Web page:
Following this, Susie Novis, President of the IMF, had the opportunity to highlight the accomplishments of the IMF over the past two years since the last IMW meeting in Kyoto, Japan. This traditional forum for the foundation allowed Susie to show videos of global patient activities, International Myeloma Working Group (IMWG) progress, and the very significant outcomes from the IMF’s Black Swan Research Initiative®, all of which were greatly appreciated by the audience.
The experts debate
The IMW debates held on Friday (25th) and Saturday (26th) were quite informative and interesting—even fun—as experts bantered back and forth with each other. In the debate about changing therapy according to risk status, Vincent Rajkumar offered Paul Richardson one high-heeled shoe for high risk and asked him to try it on for size to see if “one size fits all”—which obviously it did not fit at all! Nonetheless, it was still not so clear who won the debate. Although lesser therapies can be considered for good-risk patients, it is still not clear how to treat higher-risk patients. Thus, for now, broad approaches to therapy can still be offered.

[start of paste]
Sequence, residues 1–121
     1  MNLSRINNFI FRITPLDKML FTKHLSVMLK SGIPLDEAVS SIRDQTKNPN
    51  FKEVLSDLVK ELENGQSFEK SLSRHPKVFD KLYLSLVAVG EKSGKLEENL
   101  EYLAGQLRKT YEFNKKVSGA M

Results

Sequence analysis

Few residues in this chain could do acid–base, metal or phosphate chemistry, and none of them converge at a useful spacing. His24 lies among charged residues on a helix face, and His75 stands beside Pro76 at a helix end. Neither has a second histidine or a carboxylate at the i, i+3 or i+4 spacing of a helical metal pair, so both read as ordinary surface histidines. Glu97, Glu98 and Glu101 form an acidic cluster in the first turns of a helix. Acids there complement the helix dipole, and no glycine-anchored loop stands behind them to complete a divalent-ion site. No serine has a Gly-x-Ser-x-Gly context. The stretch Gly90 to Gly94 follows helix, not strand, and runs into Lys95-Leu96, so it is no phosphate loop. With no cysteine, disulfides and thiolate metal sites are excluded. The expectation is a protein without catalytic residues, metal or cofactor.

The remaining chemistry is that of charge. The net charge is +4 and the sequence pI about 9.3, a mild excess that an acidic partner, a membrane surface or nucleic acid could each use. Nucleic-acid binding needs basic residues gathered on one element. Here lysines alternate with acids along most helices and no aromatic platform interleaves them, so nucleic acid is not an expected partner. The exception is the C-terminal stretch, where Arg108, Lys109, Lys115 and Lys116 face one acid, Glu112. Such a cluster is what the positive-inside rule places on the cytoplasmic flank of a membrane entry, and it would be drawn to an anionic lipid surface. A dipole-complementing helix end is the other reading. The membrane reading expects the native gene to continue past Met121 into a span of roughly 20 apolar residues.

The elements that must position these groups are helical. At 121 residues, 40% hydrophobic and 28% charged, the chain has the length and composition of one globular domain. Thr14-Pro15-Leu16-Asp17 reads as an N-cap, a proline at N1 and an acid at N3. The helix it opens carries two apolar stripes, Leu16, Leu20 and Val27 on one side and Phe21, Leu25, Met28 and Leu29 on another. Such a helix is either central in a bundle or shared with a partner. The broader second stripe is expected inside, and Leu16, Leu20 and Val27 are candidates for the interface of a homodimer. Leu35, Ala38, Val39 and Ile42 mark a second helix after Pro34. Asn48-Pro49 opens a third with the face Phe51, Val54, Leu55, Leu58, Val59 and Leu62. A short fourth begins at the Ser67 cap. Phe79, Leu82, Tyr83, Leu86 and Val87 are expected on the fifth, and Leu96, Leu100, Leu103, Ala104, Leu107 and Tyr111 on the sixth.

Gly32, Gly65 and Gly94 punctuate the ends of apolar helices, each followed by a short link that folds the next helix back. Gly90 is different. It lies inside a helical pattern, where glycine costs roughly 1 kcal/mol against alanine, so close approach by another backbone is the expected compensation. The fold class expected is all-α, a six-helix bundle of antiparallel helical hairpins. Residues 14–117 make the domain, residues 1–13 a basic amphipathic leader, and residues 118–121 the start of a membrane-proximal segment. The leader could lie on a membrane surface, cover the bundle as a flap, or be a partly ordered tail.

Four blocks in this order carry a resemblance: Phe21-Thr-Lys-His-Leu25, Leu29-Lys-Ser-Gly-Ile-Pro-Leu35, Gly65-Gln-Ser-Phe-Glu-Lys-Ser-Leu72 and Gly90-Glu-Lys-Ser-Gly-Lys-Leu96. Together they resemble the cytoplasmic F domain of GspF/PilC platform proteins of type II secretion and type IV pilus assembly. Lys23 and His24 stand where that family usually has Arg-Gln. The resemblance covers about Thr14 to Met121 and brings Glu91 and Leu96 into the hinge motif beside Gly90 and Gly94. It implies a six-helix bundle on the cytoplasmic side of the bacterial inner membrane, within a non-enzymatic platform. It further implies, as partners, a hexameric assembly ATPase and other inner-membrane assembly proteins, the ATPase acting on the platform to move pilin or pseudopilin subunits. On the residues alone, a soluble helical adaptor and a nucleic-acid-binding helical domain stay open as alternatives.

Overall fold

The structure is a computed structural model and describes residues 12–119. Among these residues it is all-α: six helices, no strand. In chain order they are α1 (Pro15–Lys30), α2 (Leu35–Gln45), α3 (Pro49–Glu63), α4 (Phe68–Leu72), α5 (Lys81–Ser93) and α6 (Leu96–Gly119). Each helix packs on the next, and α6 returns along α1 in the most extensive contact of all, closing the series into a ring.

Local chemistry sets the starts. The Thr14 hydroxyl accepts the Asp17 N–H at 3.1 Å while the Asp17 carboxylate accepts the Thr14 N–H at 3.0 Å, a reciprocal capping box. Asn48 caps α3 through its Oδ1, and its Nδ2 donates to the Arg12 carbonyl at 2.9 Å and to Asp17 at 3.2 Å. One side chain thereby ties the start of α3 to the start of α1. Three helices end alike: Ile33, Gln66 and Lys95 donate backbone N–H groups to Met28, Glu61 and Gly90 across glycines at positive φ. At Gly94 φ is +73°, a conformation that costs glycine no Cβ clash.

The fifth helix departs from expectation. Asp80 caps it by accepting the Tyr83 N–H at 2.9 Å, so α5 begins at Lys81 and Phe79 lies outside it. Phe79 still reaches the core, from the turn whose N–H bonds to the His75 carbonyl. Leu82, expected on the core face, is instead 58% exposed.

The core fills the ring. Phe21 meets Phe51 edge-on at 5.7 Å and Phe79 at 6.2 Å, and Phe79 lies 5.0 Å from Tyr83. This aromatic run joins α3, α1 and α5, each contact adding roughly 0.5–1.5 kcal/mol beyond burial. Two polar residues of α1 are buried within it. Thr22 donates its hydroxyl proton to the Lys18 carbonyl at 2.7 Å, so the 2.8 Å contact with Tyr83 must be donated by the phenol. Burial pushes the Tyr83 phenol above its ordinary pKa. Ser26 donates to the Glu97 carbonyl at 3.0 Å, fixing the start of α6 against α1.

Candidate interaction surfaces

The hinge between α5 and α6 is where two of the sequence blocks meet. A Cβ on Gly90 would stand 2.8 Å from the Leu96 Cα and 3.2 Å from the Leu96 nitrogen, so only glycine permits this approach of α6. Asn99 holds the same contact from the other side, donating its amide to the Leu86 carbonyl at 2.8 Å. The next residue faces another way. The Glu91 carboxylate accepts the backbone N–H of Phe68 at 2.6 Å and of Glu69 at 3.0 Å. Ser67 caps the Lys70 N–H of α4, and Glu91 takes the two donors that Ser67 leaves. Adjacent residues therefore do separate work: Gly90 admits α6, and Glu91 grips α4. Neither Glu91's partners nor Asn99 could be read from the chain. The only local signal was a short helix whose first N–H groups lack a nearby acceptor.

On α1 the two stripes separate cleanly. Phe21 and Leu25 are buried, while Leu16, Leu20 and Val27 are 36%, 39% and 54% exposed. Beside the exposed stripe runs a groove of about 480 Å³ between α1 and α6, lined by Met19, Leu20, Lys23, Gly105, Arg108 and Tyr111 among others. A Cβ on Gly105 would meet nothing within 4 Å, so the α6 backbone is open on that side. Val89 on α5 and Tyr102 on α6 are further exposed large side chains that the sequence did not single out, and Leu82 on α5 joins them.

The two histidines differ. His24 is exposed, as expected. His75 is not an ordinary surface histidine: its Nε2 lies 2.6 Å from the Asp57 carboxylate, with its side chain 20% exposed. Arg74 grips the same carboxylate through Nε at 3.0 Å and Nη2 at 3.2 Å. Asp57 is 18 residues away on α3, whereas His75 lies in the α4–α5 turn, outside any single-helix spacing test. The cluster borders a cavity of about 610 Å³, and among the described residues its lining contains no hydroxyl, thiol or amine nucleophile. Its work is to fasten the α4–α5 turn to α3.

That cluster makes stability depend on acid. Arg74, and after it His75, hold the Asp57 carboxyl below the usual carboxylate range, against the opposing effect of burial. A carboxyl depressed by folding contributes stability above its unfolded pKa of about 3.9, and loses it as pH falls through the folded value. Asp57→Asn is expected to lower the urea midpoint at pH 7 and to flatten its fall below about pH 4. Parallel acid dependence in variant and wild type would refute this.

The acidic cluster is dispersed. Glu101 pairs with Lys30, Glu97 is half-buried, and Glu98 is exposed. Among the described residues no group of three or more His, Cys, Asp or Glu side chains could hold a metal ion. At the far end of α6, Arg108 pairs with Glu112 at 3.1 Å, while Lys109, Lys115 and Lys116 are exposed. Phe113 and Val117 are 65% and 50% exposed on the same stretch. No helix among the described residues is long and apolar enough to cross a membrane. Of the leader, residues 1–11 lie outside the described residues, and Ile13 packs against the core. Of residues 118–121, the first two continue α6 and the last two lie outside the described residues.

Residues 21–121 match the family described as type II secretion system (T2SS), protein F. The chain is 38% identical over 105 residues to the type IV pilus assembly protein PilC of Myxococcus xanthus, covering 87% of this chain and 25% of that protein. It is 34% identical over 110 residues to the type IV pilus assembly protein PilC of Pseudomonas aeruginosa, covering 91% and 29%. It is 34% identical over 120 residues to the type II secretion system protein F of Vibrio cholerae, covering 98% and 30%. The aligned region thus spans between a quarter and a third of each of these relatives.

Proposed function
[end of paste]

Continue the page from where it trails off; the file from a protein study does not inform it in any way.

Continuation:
Is it feasible to modify therapy based on MRD assessment?
On Saturday, there were four debates centering on whether or not we are curing or will cure myeloma. Prof. Antonio Palumbo and myself chaired these debates. Dr. Ola Landgren proposed that modifying therapy based upon MRD assessment is currently feasible. Dr. Pieter Sonneveld argued that for now it is best to stick with baseline assessment of FISH testing and age to decide on best therapy, including the option to select a potentially curative approach. Pieter won this debate because a majority—as emphasized by Dr. Bart Barlogie during the audience response session—believe it is too soon to modify treatment based upon MRD results. This is, in fact, the exact position held by our Black Swan Research Initiative team: More studies are required. What does MRD negative mean? How long does MRD negative status need to be maintained to indicate very long remission and cure? We do not know for sure yet!